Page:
A Farewell to Boehner

Boehner-commencement

Now that Republicans have agreed to make Paul Ryan Speaker of the House of Representatives, one era has ended and another begun.

And so a story of great and frequent humiliation comes to an end. Boehner has published the definitive fantasy version of his career at speaker.gov, and given his farewell address, which also has more fiction than fact holding its tenuous threads together:

My colleagues, I rise today to inform you that I will resign as Speaker of the House effective upon the election of my successor.

I will also resign as Representative of Ohio’s Eighth District at the end of this month.

I leave with no regrets or burdens. If anything, I leave as I started – just a regular guy humbled by the chance to do a big job.

That’s what I’m most proud of – that I’m still just me…

But before I go, let me just express what an honor it is been to serve with all of you.

The people’s House is, in my view, the great embodiment of the American idea.

That idea being, apparently, the non-functioning of the federal government and a rejection of the scientific underpinnings of our universe that is an embarrassment to all the world.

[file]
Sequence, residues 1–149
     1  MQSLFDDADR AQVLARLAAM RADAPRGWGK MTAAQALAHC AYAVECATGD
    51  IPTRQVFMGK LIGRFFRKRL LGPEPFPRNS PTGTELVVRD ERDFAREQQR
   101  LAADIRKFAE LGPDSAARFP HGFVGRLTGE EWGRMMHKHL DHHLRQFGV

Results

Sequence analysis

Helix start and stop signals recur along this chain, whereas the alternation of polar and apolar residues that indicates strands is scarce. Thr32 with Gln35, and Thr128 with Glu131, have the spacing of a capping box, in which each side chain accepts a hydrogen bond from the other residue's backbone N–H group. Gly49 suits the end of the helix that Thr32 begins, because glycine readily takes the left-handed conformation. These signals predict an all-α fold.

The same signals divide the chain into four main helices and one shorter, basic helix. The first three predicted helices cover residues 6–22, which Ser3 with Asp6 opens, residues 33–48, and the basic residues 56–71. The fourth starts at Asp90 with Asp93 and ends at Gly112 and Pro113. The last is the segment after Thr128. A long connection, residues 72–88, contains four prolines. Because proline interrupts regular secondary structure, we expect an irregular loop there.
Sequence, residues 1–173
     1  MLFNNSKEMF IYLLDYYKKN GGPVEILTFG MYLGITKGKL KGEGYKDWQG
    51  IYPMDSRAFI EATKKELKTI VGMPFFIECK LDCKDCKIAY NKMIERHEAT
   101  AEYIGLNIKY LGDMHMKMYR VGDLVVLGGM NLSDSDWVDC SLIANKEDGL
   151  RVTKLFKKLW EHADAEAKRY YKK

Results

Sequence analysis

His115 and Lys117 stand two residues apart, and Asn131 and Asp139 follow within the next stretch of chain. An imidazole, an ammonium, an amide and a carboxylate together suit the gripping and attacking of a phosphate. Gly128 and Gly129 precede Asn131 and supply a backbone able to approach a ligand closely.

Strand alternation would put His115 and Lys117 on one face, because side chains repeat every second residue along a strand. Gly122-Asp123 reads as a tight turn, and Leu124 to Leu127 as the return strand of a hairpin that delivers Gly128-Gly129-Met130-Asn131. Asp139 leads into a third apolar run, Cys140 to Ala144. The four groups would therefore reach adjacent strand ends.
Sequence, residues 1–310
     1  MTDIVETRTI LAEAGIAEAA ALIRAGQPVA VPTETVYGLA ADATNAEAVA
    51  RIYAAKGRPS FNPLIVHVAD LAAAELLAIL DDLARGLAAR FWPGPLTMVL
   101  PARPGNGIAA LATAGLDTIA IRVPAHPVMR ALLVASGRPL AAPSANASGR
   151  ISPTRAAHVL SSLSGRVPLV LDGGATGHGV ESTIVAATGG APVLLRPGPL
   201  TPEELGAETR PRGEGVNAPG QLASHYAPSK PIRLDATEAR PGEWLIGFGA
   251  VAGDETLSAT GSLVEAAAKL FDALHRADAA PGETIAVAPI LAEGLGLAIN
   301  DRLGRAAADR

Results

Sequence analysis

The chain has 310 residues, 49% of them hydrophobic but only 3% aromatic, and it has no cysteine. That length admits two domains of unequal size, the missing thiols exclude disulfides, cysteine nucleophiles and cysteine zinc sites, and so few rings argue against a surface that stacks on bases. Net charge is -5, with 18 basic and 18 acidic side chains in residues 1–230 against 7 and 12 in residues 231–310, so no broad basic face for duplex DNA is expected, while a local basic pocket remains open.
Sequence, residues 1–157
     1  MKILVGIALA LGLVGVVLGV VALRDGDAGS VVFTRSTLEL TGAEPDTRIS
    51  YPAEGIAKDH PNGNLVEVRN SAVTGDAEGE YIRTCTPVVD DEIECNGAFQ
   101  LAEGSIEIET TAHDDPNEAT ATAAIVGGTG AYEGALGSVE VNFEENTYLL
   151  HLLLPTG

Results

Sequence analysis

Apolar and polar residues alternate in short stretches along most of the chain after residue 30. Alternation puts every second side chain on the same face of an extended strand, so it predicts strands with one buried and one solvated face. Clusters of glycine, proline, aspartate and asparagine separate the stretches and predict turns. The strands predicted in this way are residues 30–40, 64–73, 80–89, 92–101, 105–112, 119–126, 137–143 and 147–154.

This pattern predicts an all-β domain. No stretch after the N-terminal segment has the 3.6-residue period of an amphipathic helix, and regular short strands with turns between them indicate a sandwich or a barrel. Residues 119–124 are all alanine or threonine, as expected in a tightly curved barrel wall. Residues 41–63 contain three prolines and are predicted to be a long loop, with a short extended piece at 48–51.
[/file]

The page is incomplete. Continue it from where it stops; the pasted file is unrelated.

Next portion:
And this, coming from the most do-nothing Congress ever:

Everyone comes from somewhere and is on some mission.

I come from a part of the world where we’re used to working.

He seems also to have come from a part of the world where people don’t take responsibility for their own actions, like when he declined to take responsibility for one of the least productive congresses ever.

And then, while refusing to vote, being part of a Congress that gave themselves more vacation days and accepting – heck, demanding – their pay while refusing to work.

That’s some ethic.

As if this farcical collection of lies is not enough, he goes on to pretend to some accomplishments during his time as Speaker. Other than suing the president for refusing to do what they wanted him to do, that is:

And it wasn’t so much a calling as it was a mission: to strive for a smaller, less costly, and more accountable government in Washington, DC.

How did we do?

Well, here are some facts….

For the first time in nearly 20 years, we have made real entitlement reforms, saving trillions over the long term.

We have protected 99 percent of Americans from tax increases.

We are on track to save taxpayers $2.1 trillion over the next 10 years – the most significant spending reductions in modern history.

We have banned earmarks altogether.

We have protected this institution and made it more open to the people.

And every day in this capital city, hundreds of kids from the toughest of neighborhoods are finally getting a decent education.
I am proud of these things.

But the mission is not complete, and the truth is, it may never be…

One thing I came to realize is that this battle over the size and scope of government has been going on for more than 200 years.

And the forces of the status quo go to an awful lot of trouble to prevent change. Real change takes time.

That’s certainly true for all the things I just mentioned.

[[AD2]]